Twelve O'Clock High (1949) Poster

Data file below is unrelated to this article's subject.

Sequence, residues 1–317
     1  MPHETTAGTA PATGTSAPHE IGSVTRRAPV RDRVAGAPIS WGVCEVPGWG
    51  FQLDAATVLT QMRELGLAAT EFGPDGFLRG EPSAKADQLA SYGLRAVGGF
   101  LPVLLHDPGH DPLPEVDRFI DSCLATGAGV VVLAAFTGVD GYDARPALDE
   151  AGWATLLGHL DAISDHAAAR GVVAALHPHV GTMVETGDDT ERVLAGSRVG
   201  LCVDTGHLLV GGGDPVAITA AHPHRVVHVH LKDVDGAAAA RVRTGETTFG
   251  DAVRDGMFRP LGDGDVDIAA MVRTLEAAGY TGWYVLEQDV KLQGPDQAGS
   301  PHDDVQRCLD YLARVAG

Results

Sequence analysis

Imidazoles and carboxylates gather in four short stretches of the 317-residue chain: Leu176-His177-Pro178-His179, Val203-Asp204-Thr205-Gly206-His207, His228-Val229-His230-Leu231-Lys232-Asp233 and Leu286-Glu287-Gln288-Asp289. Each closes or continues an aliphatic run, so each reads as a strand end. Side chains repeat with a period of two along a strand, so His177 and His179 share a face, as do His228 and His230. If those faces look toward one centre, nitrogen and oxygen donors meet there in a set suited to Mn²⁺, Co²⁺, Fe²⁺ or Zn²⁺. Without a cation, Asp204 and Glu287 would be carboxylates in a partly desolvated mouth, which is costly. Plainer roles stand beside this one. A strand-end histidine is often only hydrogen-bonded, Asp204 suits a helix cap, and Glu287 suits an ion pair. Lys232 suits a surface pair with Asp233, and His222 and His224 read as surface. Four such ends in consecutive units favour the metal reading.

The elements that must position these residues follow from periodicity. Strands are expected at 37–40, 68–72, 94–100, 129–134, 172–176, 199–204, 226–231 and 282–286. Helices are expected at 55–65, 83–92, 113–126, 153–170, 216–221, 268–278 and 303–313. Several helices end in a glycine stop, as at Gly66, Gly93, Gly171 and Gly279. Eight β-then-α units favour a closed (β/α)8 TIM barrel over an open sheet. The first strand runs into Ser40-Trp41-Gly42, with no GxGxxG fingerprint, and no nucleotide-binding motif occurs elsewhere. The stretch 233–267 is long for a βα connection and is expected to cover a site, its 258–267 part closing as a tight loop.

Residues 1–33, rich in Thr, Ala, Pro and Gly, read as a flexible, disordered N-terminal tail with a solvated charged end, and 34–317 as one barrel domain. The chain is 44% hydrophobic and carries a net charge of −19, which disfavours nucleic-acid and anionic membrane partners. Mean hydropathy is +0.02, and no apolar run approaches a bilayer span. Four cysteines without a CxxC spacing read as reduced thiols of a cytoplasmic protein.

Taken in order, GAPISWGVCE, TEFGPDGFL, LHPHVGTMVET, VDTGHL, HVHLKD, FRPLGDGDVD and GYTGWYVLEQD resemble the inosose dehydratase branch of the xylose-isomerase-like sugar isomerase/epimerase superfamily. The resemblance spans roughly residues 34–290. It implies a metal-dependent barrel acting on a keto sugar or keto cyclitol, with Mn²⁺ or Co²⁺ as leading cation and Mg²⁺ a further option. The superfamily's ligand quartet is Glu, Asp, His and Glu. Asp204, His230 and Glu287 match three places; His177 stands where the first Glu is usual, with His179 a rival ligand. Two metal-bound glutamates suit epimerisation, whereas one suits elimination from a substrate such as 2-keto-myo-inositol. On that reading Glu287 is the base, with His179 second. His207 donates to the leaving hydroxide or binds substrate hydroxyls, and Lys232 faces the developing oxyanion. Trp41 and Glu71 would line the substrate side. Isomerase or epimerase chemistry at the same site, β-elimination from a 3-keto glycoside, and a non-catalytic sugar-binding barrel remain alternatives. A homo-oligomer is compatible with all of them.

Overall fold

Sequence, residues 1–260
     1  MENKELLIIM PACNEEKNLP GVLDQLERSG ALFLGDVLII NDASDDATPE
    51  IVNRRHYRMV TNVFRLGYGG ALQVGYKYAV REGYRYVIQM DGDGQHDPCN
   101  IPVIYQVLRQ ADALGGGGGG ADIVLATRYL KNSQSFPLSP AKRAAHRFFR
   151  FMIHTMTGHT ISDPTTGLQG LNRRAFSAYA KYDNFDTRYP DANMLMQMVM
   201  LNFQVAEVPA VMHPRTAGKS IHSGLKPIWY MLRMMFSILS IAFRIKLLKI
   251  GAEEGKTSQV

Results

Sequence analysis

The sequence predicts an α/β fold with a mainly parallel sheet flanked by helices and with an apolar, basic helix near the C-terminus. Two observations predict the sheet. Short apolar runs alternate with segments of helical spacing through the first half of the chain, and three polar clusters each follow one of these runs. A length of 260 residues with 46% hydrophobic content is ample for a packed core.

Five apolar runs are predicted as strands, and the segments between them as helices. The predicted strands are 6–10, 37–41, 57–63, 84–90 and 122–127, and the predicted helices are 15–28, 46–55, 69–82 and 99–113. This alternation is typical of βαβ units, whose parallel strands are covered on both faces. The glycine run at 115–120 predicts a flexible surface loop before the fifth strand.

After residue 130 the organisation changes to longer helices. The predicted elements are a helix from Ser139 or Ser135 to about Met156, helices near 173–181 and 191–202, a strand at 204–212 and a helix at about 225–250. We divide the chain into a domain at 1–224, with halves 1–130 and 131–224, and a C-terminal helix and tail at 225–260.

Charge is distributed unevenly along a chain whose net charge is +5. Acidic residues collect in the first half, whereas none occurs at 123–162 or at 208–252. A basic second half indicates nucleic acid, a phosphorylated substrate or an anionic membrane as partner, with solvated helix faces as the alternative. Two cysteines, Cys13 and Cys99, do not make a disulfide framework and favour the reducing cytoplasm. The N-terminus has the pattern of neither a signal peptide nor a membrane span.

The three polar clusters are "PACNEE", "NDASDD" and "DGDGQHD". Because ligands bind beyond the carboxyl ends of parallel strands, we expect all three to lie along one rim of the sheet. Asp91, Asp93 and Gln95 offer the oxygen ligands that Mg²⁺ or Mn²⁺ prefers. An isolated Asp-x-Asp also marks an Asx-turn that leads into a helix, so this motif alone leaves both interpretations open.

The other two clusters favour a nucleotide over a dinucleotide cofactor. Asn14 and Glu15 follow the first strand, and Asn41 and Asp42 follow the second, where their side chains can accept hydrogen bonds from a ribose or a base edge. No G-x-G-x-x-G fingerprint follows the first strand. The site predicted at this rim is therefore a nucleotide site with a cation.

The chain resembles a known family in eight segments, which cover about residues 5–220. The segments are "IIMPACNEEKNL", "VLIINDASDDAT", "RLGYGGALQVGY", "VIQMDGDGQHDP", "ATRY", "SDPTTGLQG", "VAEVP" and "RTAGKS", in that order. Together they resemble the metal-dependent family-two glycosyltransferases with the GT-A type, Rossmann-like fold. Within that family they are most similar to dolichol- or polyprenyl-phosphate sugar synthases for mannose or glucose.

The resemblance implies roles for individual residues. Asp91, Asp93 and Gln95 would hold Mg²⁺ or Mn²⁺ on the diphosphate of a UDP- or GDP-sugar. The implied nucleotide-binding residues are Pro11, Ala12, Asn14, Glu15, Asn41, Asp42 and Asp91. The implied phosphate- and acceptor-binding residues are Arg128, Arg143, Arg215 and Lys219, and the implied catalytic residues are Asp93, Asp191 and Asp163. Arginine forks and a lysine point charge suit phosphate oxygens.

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  • In many ways very accurate, including many events based on real incidents such as a pilot being decorated for subduing a wounded comrade thrashing around in pain with many of the air combat sequences represented by actual combat footage from World War 2. However the film is misleading in that it puts the blame for the squadron's failure on inadequate discipline and leadership, the attitude adopted by the General Henry Arnold the head of the Army Air Force who accused bomber commanders of a lack of aggressiveness. In truth it was impossible for US bombers however numerous, in formation or well armed to operate effectively over Germany as Army Air Force doctrine dictated without long range fighter escorts. Their bombing was also ineffective, never penetrating the U-boat pens on the French Atlantic coast or causing any significant disruption to German industrial capacity whilst devastating the surrounding areas and killing thousands of civilians. Bombing raids against Germany were suspended not because of any problems in command or morale but because of disastrous losses suffered during the 'Black Thursday' attacks against the German city of Schweinfurt resulting in the loss of over a quarter of the bombers involved (represented by the Hambrucken raid in Twelve O'clock High). General Arnold would dismiss these losses as 'incidental' despite one squadron, the 305th Bomb Group losing 87% of its' personnel. The 8th Air force commander, Ira Ackers (represented by Major General Pat Pritchard in the film) was eventually transferred to another command and the introduction of P51 Mustang long range fighter escorts eventually allowed the force to resume operations. Rather than an example of positive leadership the early bomber campaign is cited as an example of senior commanders refusing to listen to their subordinates or alter their strategic theories in the face of tactical realities. Edit



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